“Regardless of whether the examiner is entry-level or a GS14 seasoned primary examiner, the 2021PAP lowers the bar they must meet in determining compliance with Sections 102, 103 and 112 from Advanced to that of a Basic activity.”
The U.S. Senate Committee on the Judiciary’s Subcommittee on Intellectual Property recently held hearings on the topic of Protecting Real Innovations by Improving Patent Quality. The Subcommittee is to be commended for seeking practical solutions to improve patent quality. To this end, the author respectfully recommends that the Subcommittee and the intellectual property (IP) community take a close look at the United States Patent and Trademark Office (USPTO)’s revised Performance and Appraisal Plan (PAP) for patent examiners.
Revised PAP Portrayed as a Roadmap to Improve Patent Quality
In 2019, then IP Subcommittee Chairman Senator Tillis held hearings entitled Promoting the Useful Arts: How can Congress prevent issuance of poor quality patents? In his testimony, witness Drew Hirshfeld, then-Commissioner for Patents, now performing the functions and duties of the Under Secretary of Commerce for Intellectual Property and Director of the USPTO, announced “beginning next fiscal year, there will be a new performance evaluation that will serve as a roadmap to improve patent quality” (page 5). In his questions for the record, Senator Chris Coons (D-DE) requested the revised PAP. Six months later, the USPTO inserted the revised 2021PAP, “which the USPTO plans to implement in FY2021” (between pages 11-12 of their Response).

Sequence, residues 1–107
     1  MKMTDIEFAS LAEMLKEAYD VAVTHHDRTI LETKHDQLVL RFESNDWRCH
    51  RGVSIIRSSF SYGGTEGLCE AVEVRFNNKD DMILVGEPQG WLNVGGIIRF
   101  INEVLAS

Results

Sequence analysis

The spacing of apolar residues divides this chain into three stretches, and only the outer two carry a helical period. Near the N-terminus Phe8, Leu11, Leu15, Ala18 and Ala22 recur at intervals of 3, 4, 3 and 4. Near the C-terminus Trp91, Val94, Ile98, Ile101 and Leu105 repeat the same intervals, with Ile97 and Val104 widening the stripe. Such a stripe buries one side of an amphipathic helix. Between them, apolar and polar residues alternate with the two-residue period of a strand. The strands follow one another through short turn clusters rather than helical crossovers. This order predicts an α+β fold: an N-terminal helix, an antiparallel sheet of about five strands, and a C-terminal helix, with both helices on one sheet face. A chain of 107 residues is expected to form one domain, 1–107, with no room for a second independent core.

So What’s Changed?
This article compares the quality element of the 2021PAP with prior versions to identify changes affecting patent examination quality. Copies of PAPs, current or prior, are not readily available on USPTO and Patent Office Professional Association (POPA) websites. The 2010PAP quality element was archived from the PAP Guidelines, formerly made publicly available by POPA (April 19, 2012). The 2014PAP is found in the Statement of Robert D. Budens before the House Committee on the Judiciary and the House Committee on Oversight and Government Reform (November 18, 2014). The 2015PAP quality element was published by National Academy of Public Administration (NAPA), in their Telework Internal Control and Program Review. Pages 112-113 of the NAPA Report.